In one embodiment, via aperture 436 are formed using a laser-ablation process. More particularly, a laser is repeatedly directed at principal surface 334P perpendicularly to principal surface 334P. This laser ablates, i.e., removes, portions of package body 334 leaving via apertures 436, sometimes called through holes.
Although a laser-ablation process for formation of via apertures 436 is set forth above, in other embodiments, other via aperture formation techniques are used. For example, via apertures 436 are formed using selective molding, milling, mechanical drilling, chemical etching and/or other via aperture formation techniques.
To further illustrate, a first via aperture 436A of the plurality of via apertures 436 extends between principal surface 334P of package body 334 and a first upper interconnection ball 220A of upper interconnection balls 220. Accordingly, upper interconnection ball 220A is exposed through via aperture 436A.
Via aperture 436A tapers from principal surface 334P to upper interconnection ball 220A. More particularly, the diameter of via aperture 436A in a plane parallel to principal surface 334P is greatest at the top of via aperture 436A, and smallest at the bottom of via aperture 436A and gradually diminishes between the top and bottom of via aperture 436A. The top of via aperture 436A is located at principal surface 334P and the bottom of via aperture 436 is located at upper interconnection ball 220A in this embodiment.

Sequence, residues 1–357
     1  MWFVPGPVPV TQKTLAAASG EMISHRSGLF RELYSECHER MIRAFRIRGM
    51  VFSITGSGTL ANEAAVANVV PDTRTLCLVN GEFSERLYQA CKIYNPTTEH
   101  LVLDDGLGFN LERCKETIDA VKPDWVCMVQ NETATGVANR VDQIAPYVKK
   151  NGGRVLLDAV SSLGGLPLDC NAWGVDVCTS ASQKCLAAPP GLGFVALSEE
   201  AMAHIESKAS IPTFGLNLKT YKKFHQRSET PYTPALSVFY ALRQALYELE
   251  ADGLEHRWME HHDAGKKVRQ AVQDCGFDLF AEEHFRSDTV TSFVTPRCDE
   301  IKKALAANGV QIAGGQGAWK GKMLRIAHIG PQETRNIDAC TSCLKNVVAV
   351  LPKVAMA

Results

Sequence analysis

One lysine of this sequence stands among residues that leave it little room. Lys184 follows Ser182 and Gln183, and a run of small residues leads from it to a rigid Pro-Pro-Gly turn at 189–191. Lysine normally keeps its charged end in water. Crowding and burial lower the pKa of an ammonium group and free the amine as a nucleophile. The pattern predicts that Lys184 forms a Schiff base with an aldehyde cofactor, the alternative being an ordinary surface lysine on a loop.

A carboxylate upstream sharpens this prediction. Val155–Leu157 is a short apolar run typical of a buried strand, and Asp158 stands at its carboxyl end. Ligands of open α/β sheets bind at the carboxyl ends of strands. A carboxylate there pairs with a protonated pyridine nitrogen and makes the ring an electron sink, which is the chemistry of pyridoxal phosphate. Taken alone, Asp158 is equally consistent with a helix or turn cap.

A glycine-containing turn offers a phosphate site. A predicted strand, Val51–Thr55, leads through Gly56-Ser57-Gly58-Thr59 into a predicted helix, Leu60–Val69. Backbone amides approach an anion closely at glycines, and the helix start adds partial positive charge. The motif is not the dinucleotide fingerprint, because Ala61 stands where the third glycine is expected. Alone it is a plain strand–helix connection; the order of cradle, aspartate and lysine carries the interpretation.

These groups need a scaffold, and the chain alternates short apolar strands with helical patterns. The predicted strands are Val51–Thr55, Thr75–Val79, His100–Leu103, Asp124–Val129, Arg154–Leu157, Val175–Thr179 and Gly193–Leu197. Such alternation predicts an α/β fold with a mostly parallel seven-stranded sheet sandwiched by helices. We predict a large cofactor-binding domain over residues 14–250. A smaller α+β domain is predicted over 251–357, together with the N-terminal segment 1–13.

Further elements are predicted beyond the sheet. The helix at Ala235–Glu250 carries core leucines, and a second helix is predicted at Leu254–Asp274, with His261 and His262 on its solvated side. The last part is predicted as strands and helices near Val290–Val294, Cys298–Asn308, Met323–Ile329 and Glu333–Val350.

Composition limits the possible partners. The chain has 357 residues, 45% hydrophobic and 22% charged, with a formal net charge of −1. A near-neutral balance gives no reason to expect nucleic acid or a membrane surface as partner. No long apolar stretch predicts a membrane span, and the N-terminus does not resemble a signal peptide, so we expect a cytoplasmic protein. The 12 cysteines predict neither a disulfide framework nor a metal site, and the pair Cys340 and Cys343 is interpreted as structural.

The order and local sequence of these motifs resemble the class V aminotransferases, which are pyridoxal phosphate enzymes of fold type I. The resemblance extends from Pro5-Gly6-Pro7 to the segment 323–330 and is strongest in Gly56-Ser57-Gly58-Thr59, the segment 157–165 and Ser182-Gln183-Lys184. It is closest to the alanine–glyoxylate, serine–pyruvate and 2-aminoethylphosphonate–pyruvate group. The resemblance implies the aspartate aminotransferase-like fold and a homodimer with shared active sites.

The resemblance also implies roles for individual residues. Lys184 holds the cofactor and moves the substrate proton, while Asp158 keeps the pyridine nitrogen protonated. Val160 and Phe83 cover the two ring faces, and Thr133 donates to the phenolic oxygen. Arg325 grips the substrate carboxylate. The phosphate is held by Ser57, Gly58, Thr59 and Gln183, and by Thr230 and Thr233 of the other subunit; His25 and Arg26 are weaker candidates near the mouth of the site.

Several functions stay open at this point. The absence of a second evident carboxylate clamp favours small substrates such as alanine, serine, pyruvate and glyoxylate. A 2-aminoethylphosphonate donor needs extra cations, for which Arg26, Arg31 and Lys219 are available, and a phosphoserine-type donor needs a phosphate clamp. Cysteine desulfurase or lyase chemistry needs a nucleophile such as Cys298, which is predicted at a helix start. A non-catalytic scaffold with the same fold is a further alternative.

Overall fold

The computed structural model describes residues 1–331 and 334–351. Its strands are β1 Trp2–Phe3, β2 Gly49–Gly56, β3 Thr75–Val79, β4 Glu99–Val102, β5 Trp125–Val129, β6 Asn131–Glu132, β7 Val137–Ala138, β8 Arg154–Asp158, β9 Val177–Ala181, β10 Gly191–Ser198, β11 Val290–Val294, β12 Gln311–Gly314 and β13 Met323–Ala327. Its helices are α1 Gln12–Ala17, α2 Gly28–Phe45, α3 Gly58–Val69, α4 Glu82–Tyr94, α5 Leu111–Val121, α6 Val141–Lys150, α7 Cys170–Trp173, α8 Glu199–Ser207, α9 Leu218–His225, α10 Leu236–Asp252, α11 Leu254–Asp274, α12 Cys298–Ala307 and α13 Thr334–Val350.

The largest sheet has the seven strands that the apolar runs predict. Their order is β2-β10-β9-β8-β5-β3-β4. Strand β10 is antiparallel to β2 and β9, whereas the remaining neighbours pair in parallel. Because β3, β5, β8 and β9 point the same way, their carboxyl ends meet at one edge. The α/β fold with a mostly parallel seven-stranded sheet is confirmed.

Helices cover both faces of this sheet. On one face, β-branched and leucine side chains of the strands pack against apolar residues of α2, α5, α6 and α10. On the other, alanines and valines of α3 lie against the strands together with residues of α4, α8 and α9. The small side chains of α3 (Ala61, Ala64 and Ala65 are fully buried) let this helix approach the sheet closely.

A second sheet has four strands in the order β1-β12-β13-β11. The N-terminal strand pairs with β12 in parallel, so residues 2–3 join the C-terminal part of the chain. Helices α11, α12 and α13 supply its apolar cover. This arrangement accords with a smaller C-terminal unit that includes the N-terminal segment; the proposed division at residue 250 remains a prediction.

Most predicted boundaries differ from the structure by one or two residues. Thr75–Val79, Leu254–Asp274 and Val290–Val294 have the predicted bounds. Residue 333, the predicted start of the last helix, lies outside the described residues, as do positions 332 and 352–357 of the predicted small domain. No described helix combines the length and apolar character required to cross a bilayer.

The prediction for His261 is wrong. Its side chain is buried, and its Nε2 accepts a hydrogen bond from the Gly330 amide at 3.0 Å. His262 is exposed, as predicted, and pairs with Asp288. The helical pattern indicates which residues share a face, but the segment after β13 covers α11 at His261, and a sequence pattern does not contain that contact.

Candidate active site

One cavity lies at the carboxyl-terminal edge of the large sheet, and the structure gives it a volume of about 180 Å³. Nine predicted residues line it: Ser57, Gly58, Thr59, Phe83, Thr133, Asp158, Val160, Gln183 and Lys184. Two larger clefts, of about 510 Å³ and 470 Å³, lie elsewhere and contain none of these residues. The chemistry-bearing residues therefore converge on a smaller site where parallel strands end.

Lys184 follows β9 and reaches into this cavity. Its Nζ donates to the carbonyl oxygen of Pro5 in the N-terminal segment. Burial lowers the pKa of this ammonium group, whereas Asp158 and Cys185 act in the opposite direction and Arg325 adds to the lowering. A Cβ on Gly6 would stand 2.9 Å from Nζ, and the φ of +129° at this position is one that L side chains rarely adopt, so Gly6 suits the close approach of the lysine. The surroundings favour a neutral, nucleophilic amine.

In another embodiment, via aperture 436A has a uniform diameter, i.e., has a cylindrical shape. In yet another embodiment, via aperture 436A tapers from the bottom to the top of via aperture 436A. More particularly, the diameter of via aperture 436A in a plane parallel to principal surface 334P is smallest at the top of via aperture 436A and greatest at the bottom of via aperture 436A and gradually increases between the top and bottom of via aperture 436A.
Although only a single via aperture 436A is described in detail, in light of this disclosure, those of skill in the art will understand that the description is equally applicable to all of via apertures 436.
Illustratively, lower interconnection balls 538 are formed of solder. In other embodiments, lower interconnection balls 538 are formed of other electrically conductive material such as plated copper or electrically conductive adhesive.
In one embodiment, lower interconnection balls 538 are distributed in an array forming a Ball Grid Array (BGA). Illustratively, lower interconnection balls 538 are used to connect stackable treated via package 200 to other structures such as a larger substrate, e.g., a printed circuit motherboard.
Although attach lower interconnection balls operation 112 is set forth at a particular stage during fabrication of stackable treated via package 200, in other embodiments, attach lower interconnection balls operation 112 is performed at an earlier or later stage during fabrication of stackable treated via package 200.